What’s Up With Those Weird-Looking Mushrooms?

They appear spontaneously, or so it seems, to get out of the mulch, get up in a single spot on the lawn, or burst through small marshmallows like the pavers of the route. But there is a complex master plan at work, not just one in which most of the gardeners are private.

What are the mushrooms in our garden trying to tell us – and would you be surprised to know that this is mostly good news?

“We don’t have soil without fungus, at least the way we know it now,” said John Michelotti Katskil Fungi His great-grandfather was purchased on a family farm in Big Indian, NY, where Mr. Michelotti spent his childhood. “Their fibrous underground mycelia are essential for the nutrient rotation and balance of our soils, plants, microbial life – and the ecosystem as a whole.”


Today, Mr. Michoti walks the guided mushroom, teaches classes about mushroom growing and medicinal mushrooms at the New York Botanical Garden, and produces health extracts from fungi – sometimes in the midst of his role as a poison control volunteer To identify mushrooms in. . In each conversation, he strangely tries to promote openness in the world of fungi.

Instead of hurrying to fight, he suggests that we give a sense of developing intrigue, asking what the mushroom is and what it is doing. And perhaps we will eventually move on, actively farming as some garden assistants. (There is a bonus: some hard-working species are edible.)

Fungi play the role of various important ecosystems. Saprobic species act as powerful decomposers: Oyster mushrooms, for example, serve to recycle a dead tree.

Mycorrhizal fungi help plants build resilience and resistance to pathogens. In symbiotic partnerships, they translate water and mine nutrients and micronutrients, making them available to the roots of the plant. According to the North American Mycological Association, some 92 percent of plant families rely on such services.

In turn, up to a third of the energy the plants make through photosynthesis goes to feed simple sugars to the fungus, Mr. Michelotti said: “This plant-fungus symbiosis is how early plants accessed essential nutrients. Done that help the residents land. In the first place. “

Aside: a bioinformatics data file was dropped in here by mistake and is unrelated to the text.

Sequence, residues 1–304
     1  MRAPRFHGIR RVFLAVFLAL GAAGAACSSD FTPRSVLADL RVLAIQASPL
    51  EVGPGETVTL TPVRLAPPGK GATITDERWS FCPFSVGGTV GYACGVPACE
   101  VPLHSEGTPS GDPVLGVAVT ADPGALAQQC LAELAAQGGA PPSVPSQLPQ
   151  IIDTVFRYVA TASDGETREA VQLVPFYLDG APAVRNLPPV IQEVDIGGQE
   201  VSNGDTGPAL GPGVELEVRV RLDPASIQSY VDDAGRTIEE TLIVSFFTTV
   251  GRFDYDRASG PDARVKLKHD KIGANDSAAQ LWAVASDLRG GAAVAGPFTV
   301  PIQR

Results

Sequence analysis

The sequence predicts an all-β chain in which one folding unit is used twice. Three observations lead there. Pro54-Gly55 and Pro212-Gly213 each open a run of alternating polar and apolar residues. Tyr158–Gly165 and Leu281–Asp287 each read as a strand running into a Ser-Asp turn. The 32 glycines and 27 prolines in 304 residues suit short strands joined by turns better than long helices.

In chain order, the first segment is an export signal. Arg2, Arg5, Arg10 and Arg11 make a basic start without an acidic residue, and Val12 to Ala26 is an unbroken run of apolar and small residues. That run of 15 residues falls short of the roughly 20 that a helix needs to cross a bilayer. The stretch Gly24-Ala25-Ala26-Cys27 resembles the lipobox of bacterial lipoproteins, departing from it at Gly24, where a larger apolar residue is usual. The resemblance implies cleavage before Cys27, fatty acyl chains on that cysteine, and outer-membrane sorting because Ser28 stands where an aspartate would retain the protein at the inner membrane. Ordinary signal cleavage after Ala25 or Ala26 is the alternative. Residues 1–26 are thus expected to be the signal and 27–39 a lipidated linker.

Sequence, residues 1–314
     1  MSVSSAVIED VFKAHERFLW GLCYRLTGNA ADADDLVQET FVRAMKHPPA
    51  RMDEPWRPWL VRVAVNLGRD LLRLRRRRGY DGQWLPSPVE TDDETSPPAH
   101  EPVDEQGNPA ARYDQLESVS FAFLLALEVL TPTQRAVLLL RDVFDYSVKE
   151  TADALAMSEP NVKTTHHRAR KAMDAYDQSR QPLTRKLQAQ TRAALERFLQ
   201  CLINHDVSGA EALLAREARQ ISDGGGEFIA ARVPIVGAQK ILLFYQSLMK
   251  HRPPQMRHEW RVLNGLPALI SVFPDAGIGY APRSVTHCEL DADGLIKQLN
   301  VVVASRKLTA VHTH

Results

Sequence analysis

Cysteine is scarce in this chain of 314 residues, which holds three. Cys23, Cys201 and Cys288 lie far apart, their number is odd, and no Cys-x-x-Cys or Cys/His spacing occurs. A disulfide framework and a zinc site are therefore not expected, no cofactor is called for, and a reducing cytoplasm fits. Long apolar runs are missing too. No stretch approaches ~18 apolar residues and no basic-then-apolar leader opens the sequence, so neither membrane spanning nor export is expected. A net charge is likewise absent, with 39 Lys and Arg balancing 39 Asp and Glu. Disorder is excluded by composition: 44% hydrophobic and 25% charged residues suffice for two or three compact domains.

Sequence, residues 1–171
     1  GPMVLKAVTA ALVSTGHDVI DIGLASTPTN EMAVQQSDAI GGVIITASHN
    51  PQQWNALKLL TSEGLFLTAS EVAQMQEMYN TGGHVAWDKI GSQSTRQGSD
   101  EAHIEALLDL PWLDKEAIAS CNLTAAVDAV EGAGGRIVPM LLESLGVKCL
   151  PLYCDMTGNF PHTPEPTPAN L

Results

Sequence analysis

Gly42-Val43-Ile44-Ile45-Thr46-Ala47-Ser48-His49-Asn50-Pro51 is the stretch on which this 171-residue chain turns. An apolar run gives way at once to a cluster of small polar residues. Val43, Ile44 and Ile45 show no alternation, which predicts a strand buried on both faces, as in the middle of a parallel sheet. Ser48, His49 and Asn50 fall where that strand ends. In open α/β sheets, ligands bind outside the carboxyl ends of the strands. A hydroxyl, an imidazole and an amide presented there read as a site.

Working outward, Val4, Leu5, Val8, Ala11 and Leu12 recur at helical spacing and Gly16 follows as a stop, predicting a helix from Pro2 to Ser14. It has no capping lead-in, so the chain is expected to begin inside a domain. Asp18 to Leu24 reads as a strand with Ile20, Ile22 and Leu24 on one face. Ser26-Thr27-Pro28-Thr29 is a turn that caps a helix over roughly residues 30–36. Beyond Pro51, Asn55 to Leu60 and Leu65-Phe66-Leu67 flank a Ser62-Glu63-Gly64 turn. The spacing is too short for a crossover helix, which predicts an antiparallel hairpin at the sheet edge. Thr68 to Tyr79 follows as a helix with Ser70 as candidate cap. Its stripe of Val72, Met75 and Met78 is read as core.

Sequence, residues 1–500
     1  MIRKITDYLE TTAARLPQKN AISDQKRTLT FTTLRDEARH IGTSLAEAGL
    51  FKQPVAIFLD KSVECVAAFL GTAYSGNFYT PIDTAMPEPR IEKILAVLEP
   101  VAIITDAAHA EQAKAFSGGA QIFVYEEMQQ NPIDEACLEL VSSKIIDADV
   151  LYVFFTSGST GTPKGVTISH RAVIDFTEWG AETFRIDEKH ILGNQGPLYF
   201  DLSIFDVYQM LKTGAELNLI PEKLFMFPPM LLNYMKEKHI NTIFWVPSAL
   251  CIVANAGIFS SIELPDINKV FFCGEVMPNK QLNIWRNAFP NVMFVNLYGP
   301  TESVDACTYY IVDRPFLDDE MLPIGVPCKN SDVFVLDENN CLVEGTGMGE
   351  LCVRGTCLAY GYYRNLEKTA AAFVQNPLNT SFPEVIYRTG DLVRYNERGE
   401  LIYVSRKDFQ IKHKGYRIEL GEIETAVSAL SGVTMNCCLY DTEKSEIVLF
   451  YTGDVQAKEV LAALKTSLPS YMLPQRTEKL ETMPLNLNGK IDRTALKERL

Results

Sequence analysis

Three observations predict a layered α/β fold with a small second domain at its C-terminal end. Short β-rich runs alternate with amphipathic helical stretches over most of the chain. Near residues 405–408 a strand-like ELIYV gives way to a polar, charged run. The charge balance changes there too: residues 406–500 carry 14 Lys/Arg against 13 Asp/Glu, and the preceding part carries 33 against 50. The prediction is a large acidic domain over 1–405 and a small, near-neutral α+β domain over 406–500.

Ready to see the garden season ahead as a progressive backyard mushroom walk – and maybe the picture and record (rather than the fight) of your facing fungus?

Will emerge anew soon. But perhaps even now, on a log or wood-chip mulch, you can come across the bizarre, spore-filled remains of the outflow of stump puffballs (Lycopordon pyriform), or you can put bracket fungus on a tree stump. Or perhaps you will eventually discover some of the following.

While he works at the Catskill Fungi booth in the Hudson Valley or Catskill area farmers markets, Mr Michelati finds himself acting as an informal ambassador for the fungus. (Although with his characteristic mico-humor, he prefers to present himself as a “fun guy”.

“People come to me to ask, ‘I’ve got these mushrooms on my lawn – how do I get rid of them?” They said. “And if you search online for ‘lawn mushrooms’, this is how to kill them.”

His message, always patiently given: “Can we perhaps get a little deeper into what the fungi are doing here?”

Mushrooms – the fruiting or reproductive bodies of fungi – are not a disease, but a sign of health, he explains. They indicate that, under the grass, “your soil is moving with vast networks of mycelial mats and trillions of microbes, which help plants break down organic matter to provide nutrients.”

Their questioners may have seen thin-stemmed, pointed-peaked little cones appala, mushrooms. They come and go quickly, often unnoticed. Or maybe something more vigorous just exploded? By late fall in summer, giant puffballs (Calvetia gigantia) such as football-balls are the headliners.

“Watch the movie ‘Fantastic fungi’ If you really want to appreciate the puffball in your lawn, ”said Mr. Michelotti, who has a walk-on in the documentary and is a favorite recipe for puffball picata.

Again: enough with elimination efforts. First of all, you can’t erase them – most of the fungus’s life continues even when unseen beneath the ground, and sinister bodies are removed. And “if you pick them up and toss them somewhere, or meow them, you’re really helping them spread their spores,” Mr. Michelati said.

Um, who’s playing the ring around the pine tree outside? One of the most delightful mycological sites is a fairy ring: mushrooms growing in a circular pattern, often around a tree. Tree species can help identify fungi; Such mycorrhizal relationships are often specific. The ring may return in later years, and may even widen.